Last night Norm relocated my big screen PC to the dining room table where I am able to maneuver around better in the wheelchair. This morning I looked up from the screen to see between the verandah railings and palm leaves, ….
the bulbs I had planted in previous seasons were blooming. I promptly sent Norm around the garden with the camera to see what else I missed. I’ll look through the photos later today after church.
I was finally able to visit the front garden. While Norm weeded and dead headed I took a few photos of the late winter flowering lavender, Azalias and Gazanias. Even the Bougainvillea climbing the wall is bursting with colour. A few extra cottage garden plants need to be planted when Spring arrives.
The tub of pansies and zinnia potted daisies needed to be relocated temporarily for the ramp.
We knew about this before we bought our home back in December 2019. It’s finally happening. The noise can be annoying but at least there’s no workers or machinery on the weekends and before 7.30am and after 5pm in the evenings during the week… and when it’s raining.
The photos above were taken while standing on a step ladder on the verandah. Below are the scenes we see at floor level and at the bottom of the steps that descend into the garden. Hopefully the new houses won’t appear above the fence. We’ll just have to wait.
It’s been a lot easier to sneak up on these adorable birds. They don’t seem to mind the camera either. This pair is one of four pairs that come in for a feed throughout the day. They all have their own colour tones and preferred times to eat. An interesting lot.
Two of our parlour palms brought with us on our move in December 2019 and at less than two foot high, have grown ridiculously on our back verandah where I had created a little tropical atmosphere of sorts. Here’s the photo of one. Both are about same size.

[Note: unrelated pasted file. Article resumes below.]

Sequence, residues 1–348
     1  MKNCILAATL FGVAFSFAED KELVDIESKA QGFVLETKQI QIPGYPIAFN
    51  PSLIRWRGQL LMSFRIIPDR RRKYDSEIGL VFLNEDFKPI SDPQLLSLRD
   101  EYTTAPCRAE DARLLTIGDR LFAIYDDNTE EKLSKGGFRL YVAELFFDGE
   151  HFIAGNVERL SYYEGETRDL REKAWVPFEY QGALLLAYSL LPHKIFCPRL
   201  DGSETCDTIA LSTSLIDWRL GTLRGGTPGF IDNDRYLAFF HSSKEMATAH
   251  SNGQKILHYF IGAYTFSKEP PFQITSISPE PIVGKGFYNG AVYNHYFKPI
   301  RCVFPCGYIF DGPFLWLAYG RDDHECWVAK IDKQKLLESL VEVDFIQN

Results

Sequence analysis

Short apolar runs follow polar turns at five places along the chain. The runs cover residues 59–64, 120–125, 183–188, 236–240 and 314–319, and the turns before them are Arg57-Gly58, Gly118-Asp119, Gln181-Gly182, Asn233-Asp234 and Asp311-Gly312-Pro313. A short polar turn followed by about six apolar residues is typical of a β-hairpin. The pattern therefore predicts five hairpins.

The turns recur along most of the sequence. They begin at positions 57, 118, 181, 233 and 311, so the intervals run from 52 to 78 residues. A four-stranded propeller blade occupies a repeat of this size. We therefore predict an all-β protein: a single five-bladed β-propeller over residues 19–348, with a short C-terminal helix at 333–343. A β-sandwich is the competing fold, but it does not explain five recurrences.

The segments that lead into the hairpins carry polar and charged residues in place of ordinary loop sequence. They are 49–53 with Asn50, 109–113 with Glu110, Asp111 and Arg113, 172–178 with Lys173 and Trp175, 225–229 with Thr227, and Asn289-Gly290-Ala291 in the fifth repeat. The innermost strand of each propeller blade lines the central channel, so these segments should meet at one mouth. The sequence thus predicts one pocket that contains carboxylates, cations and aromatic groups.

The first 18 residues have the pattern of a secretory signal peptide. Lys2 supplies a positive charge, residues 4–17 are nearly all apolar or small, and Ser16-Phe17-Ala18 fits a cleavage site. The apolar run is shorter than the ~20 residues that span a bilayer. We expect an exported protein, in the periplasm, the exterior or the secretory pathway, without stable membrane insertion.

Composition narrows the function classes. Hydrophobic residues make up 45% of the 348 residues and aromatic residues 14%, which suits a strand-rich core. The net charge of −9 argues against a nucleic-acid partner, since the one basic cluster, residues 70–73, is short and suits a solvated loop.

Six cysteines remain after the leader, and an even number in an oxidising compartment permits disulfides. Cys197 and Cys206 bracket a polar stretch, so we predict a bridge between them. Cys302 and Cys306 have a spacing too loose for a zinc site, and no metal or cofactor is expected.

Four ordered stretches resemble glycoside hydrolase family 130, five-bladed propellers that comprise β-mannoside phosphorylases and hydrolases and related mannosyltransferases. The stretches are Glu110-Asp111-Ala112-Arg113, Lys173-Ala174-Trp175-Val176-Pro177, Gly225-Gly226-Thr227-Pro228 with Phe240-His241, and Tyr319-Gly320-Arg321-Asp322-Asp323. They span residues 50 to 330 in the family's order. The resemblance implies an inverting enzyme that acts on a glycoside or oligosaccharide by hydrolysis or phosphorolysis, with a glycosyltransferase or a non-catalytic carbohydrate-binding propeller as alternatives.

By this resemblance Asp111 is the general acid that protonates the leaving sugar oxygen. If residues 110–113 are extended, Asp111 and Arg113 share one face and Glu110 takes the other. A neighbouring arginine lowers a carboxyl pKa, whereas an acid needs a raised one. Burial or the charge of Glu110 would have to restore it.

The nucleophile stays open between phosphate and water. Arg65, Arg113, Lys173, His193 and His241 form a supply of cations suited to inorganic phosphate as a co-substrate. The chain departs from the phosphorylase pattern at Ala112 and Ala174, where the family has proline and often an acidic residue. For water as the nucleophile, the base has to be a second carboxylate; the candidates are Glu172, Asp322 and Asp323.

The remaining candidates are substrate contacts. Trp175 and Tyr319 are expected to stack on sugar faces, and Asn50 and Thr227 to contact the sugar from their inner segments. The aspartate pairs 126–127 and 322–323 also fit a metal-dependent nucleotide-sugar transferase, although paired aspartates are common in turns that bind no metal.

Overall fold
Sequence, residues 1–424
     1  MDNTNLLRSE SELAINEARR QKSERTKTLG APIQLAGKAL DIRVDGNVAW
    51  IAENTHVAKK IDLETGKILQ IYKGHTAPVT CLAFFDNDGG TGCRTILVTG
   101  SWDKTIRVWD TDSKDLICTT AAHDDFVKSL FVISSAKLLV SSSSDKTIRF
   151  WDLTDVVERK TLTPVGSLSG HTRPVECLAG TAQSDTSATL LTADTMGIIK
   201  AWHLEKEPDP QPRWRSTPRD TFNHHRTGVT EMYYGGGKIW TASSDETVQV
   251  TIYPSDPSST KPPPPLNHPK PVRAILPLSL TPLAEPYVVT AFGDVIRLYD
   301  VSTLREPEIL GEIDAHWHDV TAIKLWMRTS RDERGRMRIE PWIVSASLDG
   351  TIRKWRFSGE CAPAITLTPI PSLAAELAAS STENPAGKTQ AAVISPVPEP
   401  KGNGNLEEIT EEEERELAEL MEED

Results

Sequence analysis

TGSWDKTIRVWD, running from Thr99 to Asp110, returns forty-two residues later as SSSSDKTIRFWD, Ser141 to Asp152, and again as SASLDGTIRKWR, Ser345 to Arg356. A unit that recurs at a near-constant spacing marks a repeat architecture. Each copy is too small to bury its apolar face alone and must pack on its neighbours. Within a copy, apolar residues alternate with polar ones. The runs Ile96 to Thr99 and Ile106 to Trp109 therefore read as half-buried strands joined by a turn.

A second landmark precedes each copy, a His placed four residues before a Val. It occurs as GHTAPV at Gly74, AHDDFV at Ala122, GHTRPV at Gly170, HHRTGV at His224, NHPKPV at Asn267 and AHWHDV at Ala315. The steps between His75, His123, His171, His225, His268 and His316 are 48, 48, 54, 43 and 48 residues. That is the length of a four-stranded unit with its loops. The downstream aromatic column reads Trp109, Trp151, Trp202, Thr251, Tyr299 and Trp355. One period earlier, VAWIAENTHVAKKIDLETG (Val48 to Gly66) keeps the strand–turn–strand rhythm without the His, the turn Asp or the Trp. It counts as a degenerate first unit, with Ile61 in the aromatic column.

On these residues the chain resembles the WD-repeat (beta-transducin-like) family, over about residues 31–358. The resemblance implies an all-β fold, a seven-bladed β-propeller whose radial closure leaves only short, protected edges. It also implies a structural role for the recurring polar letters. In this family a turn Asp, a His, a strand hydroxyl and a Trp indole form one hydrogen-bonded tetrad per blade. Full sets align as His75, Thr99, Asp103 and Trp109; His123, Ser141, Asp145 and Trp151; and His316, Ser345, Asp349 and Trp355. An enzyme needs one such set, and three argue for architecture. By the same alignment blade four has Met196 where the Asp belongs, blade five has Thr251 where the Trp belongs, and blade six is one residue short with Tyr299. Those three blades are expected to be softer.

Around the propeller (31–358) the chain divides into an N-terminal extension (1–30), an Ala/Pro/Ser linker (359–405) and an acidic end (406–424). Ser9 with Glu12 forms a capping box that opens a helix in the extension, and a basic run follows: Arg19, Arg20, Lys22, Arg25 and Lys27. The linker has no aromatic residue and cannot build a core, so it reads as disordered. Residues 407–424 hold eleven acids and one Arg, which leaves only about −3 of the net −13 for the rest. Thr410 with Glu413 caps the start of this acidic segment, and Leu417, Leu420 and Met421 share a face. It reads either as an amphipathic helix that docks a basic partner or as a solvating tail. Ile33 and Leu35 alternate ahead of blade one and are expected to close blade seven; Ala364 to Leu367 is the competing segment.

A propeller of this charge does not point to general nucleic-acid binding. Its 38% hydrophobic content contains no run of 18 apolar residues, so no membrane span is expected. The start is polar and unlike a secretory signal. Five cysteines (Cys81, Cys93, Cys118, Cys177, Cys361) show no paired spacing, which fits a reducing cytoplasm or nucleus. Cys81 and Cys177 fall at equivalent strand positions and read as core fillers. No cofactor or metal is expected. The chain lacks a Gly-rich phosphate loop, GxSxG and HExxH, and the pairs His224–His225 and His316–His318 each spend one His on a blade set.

If you have been following my I’m in the Garden category on Riverside Peace you will know that the garden space is minimal. But we did it. Or, at least I pointed and directed and Norm did it. 🙂
With the two big potted palms relocated we then reorganised the verandah plants before enjoying a bottle of 2017 Sangiovese. Two neighbours also joined us with their wine glasses filled with their favourite whites.
My dear neighbour and friend across the road kindly let me have her fairies, toadstools and gnomes that have been out grown by the grandchildren. “The Pond” has been overwhelmed by more fairies, little gnomes and fairy houses. One fairy has now become the centre piece of the birdbath which has inspired me to set aside a quiet day to sit and imagine before placing everything in different places. We have a young blue tongue lizard that roams my garden, and the neighbours, that bumps the poor little fairies into the pond. Some might say I’m a little crazy with my gnomes garden out the front, and now The Fairy Pond, but no one has yet disliked it. I think if I ever do get dementia, I’ll be happy in my garden. 🙂